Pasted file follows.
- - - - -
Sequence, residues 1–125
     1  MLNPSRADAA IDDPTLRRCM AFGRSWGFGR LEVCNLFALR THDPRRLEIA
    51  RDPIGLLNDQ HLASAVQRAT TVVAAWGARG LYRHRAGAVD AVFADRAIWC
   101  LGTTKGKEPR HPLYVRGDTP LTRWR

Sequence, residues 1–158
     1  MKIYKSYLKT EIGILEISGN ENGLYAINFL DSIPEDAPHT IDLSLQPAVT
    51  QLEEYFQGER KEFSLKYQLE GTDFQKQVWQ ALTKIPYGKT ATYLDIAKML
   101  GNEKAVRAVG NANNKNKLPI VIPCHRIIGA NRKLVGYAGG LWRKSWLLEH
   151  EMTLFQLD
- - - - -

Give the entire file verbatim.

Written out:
Sequence, residues 1–125
     1  MLNPSRADAA IDDPTLRRCM AFGRSWGFGR LEVCNLFALR THDPRRLEIA
    51  RDPIGLLNDQ HLASAVQRAT TVVAAWGARG LYRHRAGAVD AVFADRAIWC
   101  LGTTKGKEPR HPLYVRGDTP LTRWR

Sequence, residues 1–158
     1  MKIYKSYLKT EIGILEISGN ENGLYAINFL DSIPEDAPHT IDLSLQPAVT
    51  QLEEYFQGER KEFSLKYQLE GTDFQKQVWQ ALTKIPYGKT ATYLDIAKML
   101  GNEKAVRAVG NANNKNKLPI VIPCHRIIGA NRKLVGYAGG LWRKSWLLEH
   151  EMTLFQLD